Women inmates go beyond expectations in logistics training
Learning behind bars
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MITCHELLVILLE — Twila Pore’s face lit up as she talked about the distribution and warehouse training she completed earlier this month while in prison, saying it was “life-changing.”
“I didn’t have the self-esteem or confidence to get a job ... a good job,” Pore, 47, formerly of Riverside, Calif., said in a makeshift classroom at the Iowa Correctional Institution for Women. “I didn’t think I was smart enough. I dropped out (of high school) at 15. My parents were drug addicts. It’s all I knew.”
Pore, serving time for conspiracy to deliver methamphetamine and false impersonation, has about 34 months before she’s released from the women’s prison in Mitchellville.
She said she won’t “go back to that lifestyle” because now she — and 14 other inmates — have job skills after completing seven weeks of Transportation Distribution Logistics training at the prison.
They all received their TDL certification and graduated earlier this month.
Jennifer Payne, 25, of Algona, sitting across from Pore, started tearing up, talking about growing up in a violent home and admitting she was in prison for forgery and domestic abuse.
“I was in a bad relationship,” Payne said. “I hit him ... he didn’t fight back. I had some mental health issues, but I’m more stable now. I have ADHD, and I was scared and angry and had depression. Now, I’m on the right meds.”
But Payne became happier when she talked about handling the payroll in the training simulation, which involved operating a digital warehouse business and selling supplies to hotels, dorms and hospitals.
“I was able to give raises and bonuses — it was fun,” said Payne, who has only days until her release. “It was like a real payroll of $120,000, and it included (withholding) taxes and insurance.”
Susanna Miller, 38, of Davenport, who handled shipping, receiving and inventory, couldn’t wait to blurt out the mock business made “$1.2 million” — after paying off its loans.
“We hated to see it end,” Miller said. “We all felt overwhelmed at first, but it gave us confidence.”
Miller couldn’t stop talking about the business, explaining how they started adding customers. She and Pore said their instructor added one and then they all got the idea on how to attract more hotels as customers and boost profits.
She only became solemn as she talked about how she ended up in prison. Miller was convicted of child endangerment resulting in bodily injury. She physically, emotionally and verbally abused her then-boyfriend’s children.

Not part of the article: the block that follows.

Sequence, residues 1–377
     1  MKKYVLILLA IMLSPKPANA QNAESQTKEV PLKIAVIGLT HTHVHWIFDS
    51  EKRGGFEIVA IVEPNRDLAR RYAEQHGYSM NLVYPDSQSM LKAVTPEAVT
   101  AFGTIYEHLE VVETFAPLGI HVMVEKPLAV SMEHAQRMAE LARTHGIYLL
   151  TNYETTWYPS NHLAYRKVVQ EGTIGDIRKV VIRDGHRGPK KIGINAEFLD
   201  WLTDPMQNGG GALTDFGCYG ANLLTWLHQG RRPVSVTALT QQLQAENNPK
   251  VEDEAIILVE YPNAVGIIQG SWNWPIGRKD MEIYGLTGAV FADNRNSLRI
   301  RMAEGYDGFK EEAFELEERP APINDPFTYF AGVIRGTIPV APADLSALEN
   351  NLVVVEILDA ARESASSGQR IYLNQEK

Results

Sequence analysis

“I was misusing prescription drugs for mental health issues,” Miller said, looking down as she tightly rolled up a tissue used to wipe away tears. “I had issues with my father and had explosive outbursts. I didn’t intentionally set out to harm them. I’ve been taking many classes to change my behavior and come out a better person. I’ve forgiven him (father) now and myself.”
The women’s goal of $1 million may have seemed lofty at the start, but Pat Steele, site director of Central Iowa Works, said the women caught on quickly to the simulation. Their “creativity and innovation” made them successful — the most successful group to date.
This is the first training class from a prison to be included in a two-year United Way of Central Iowa grant awarded by the Wal-Mart Foundation and Jobs for the Future, Steele said.
The placement agency teamed up with Des Moines Area Community College to provide the TDL training. Some 225 Iowans were trained through the grant, which specified 25 percent of the participants had to be women.
Steele said the diversity is needed because less than 10 percent of TDL jobs are held by women.
Upon release, the 15 women inmates will receive job placement assistance from Central Iowa Works.
Another round of training starts in June, and more women inmates will participate.
Applicants for training need to have to a high school diploma or an equivalency diploma, no violent or sexual criminal history and be fairly close to their release date, Steele said.
Miller, who was convicted of child endangerment, was an exception, Steele said. Her counselor said her case occurred several years ago and that she was one of the best workers the prison had.
“One of the employers who reviewed the applicants said they would be open to hiring her,” she said. “We felt that if an employer was willing to consider her for employment, we should give her the opportunity.”
The logistics training, Steele said, is beneficial because jobs requiring those skills usually pay $12 to $14 an hour.
Overall, she added, attitudes about hiring felons seem to be changing. One of the reasons is the labor shortage in Iowa.
“We had employers look at the applicants’ criminal histories to see if they would be open to hiring them,” Steele said. “Some couldn’t hire a few, but most of the applicants had been convicted of a drug-related offense.”
The training includes on-site instruction from DMACC faculty, computer simulations and hands-on forklift operation, which they took off-site at the DMACC campus. The women each have forklift and Occupational Safety and Health Administration certification and a Manufacturing Skills Council certification as logistics technicians.
Steele said the women also learned presentation and interview skills, how to work as a team and accept supervision and criticism — skills needed in the workplace.
“We’re very excited about this training program because it gives these women offenders skills and confidence that they didn’t have before coming to prison,” Deputy Warden Jeremy Larson said. “It gives these women the opportunity to gain employment upon release, which significantly decreases their chances of returning to prison.”